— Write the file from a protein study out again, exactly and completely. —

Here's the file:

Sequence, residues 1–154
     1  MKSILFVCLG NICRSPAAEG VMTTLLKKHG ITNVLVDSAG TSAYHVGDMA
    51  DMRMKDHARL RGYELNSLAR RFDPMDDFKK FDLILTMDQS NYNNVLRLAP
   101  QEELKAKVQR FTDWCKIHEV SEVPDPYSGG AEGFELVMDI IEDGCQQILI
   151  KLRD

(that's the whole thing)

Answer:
Sequence, residues 1–154
     1  MKSILFVCLG NICRSPAAEG VMTTLLKKHG ITNVLVDSAG TSAYHVGDMA
    51  DMRMKDHARL RGYELNSLAR RFDPMDDFKK FDLILTMDQS NYNNVLRLAP
   101  QEELKAKVQR FTDWCKIHEV SEVPDPYSGG AEGFELVMDI IEDGCQQILI
   151  KLRD